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How Bacteria Can ‘Sculpt The Gut’

Roland Lizarondo
Researchers Lance Boling and Forest Rowher examine the phage production in an experiment at SDSU on January 14, 2020.
How Bacteria Can ‘Sculpt The Gut’
Listen to this story by Maya Trabulsi.

Hippocrates said, “Let food be thy medicine and medicine thy food.”

Researchers from San Diego State University took that ancient wisdom and doubled down, unlocking new insight into how specific foods can customize the bacteria in our guts and ultimately our health.


The target is bacteriophage, or phage for short. They are viruses that live inside the bacteria that live inside of our gut, constantly influencing our state of health and disease.

In a laboratory at SDSU, phage art is displayed as paintings, drawings, and sculptures. Phage look like top-heavy tripods with long tails, used to insert themselves into bacteria cells where they can replicate until the cells burst open.

“There's about 10 times as many phage in our body than there are human cells,” said Lance Boling, a molecular biologist and research associate at San Diego State University. “We cultivate them since the moment that we're born. And we have them all the way until we're dead. And they're ... they're just kind of part of life.”

He is part of a team experimenting with the idea that feeding these phage common, everyday foods could change the landscape of our gut microbiome, in what he calls gut sculpting.

“And it's really popular these days to improve the health of your gut microbiota. And by understanding the effect that these foods are having on our gut microbiota, we can kind of affect our own health in positive ways,” Boling said.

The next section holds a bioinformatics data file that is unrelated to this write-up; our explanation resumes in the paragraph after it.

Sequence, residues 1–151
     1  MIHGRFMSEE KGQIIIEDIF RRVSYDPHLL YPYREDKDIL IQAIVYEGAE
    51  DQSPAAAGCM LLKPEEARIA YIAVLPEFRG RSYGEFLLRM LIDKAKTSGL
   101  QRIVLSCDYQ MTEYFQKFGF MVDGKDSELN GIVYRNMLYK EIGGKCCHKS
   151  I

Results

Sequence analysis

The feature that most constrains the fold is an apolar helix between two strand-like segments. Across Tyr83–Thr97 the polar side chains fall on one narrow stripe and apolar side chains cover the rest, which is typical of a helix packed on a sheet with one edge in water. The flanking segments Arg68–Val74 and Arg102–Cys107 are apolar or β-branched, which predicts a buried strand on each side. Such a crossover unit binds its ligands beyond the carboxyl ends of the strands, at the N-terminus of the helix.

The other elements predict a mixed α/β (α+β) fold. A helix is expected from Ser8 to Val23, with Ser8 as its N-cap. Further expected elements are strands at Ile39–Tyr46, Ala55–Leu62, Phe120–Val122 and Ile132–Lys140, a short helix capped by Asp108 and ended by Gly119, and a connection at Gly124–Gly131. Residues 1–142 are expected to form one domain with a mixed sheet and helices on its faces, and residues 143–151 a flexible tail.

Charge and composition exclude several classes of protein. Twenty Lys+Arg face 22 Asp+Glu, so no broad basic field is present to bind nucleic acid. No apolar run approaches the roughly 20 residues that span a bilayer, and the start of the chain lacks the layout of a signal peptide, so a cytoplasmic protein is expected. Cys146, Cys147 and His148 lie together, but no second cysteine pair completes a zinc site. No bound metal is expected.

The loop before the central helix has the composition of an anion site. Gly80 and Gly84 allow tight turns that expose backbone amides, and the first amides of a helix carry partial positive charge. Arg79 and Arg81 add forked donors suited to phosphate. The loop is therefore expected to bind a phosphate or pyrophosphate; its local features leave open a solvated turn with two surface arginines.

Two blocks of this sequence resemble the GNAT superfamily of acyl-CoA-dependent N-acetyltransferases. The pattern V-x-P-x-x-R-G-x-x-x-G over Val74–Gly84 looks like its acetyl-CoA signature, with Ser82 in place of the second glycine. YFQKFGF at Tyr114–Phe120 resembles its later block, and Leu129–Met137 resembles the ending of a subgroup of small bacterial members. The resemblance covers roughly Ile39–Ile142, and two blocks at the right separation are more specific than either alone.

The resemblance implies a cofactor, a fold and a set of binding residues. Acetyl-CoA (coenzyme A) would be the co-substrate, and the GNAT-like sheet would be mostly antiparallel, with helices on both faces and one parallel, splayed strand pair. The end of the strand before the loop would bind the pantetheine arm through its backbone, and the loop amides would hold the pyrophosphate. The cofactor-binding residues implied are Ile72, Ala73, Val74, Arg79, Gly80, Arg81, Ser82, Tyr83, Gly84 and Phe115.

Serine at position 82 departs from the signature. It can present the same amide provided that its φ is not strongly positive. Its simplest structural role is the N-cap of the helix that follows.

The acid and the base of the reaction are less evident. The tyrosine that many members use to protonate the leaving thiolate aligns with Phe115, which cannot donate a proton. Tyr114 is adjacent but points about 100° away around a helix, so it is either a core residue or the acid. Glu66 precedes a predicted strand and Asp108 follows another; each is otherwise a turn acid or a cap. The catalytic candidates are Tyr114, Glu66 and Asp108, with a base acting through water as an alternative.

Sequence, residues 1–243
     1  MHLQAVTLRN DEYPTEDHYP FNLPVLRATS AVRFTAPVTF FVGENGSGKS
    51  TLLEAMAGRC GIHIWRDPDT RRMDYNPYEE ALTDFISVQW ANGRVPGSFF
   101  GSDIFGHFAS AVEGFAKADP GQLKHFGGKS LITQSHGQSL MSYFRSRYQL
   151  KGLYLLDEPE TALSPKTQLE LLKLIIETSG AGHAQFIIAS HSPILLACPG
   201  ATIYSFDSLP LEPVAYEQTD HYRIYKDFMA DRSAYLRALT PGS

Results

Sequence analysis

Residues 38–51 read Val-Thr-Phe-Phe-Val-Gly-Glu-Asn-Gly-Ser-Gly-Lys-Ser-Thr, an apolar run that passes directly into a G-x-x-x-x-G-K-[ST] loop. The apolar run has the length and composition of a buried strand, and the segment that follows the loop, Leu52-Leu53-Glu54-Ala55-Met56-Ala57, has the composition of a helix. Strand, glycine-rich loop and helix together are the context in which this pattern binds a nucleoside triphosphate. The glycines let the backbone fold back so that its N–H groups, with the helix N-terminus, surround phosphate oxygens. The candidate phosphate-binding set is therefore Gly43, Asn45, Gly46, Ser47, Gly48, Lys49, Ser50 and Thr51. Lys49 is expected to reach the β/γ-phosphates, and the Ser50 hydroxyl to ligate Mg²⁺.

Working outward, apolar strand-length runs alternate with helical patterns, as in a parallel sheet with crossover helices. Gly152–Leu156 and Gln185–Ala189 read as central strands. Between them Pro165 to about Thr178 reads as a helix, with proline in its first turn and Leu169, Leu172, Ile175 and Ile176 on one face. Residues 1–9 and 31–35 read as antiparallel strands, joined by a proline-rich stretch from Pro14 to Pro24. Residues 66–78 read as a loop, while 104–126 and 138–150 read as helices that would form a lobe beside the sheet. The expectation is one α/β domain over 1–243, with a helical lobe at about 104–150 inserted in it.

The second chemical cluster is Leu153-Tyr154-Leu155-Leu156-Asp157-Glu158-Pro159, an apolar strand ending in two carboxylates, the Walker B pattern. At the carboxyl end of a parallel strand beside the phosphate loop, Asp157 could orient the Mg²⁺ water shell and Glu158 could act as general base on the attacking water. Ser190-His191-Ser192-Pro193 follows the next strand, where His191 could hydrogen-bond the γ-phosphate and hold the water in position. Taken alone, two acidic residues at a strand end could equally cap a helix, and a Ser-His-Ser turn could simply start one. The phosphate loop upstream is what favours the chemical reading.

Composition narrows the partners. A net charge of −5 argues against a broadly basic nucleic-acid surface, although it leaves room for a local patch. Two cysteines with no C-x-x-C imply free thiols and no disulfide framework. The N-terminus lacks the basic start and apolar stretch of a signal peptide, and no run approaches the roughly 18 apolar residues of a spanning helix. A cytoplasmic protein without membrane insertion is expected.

VIDEO: How Bacteria Can ‘Sculpt The Gut’

RELATED: ‘Cultured’: A Look At How Foods Can Help The Microbes Inside Us Thrive

Forest Rowher is a microbial ecologist and biology professor at SDSU who spearheaded the study. He talks about how phages work on bacterial cells.

“So these viruses live inside the cells. And every once in a while they get activated, which we call induction, and they jump out and they blow up the cells," he said. "So, the idea of this study was, could we control when they jump out? And so can we get them to kill a specific set of bacteria?”

To test this hypothesis, the researchers harvested phages from a sewage treatment plant. They then began growing the phage in Petri dishes, systematically feeding them 117 different foods, rumored to have microbial properties, such as honey, neem, oregano, and garlic.

The scientists measure their success by holding up the Petri dishes to daylight streaming in from large windows in the lab. With this method they can see a clearing, indicating where the phages have killed a specific species of bacteria. The cloudy areas are where the bacteria are still growing abundantly.

“Do they blow up or not? That's about it. It's, it's really easy,” Rowher said.

What is most remarkable, is the ability to kill certain bacteria without affecting other, beneficial bacteria. The researchers believe this could mean the potential for more gentle options to kill bacteria without annihilating the entire microbiome, as some antibiotics can do.

“Because they’re so broad-spectrum, they can kill the microbes in your gut that are so necessary for our health," Boling said. "So you might get rid of an infection that is causing one condition and opening yourself up for all of these other conditions.”

“So, we want things that will kill this bacteria but not that bacteria,” Rowher said. "But even better, we'd like to be able to adjust some of these different types of bacteria. So you may not want to kill all of a particular bacteria, but you might kill most of them off. So these things would hopefully be able to do that.”

They found honey, stevia, neem oil, uva ursi, and aspartame to have the most impact on the phage. They also tested toothpaste.

“I was curious with the toothpaste to see if maybe you were inadvertently causing some effects on our microbiome," Boling said. "We think you just kind of brush your teeth and spit it out. But maybe some of that residual antimicrobials that are in the toothpaste are affecting our gut microbiota in ways that we're unaware of.”

Toothpaste did have a strong effect.

“A lot of the foods are surprisingly powerful antimicrobials and we just don't even realize it,” Boling said.

San Diego State researchers target a virus that lives in your gut as a better way to kill harmful bacteria. Plus, a look at who’s throwing money at San Diego County’s Measure B. And a new exhibition tries to marry science and art.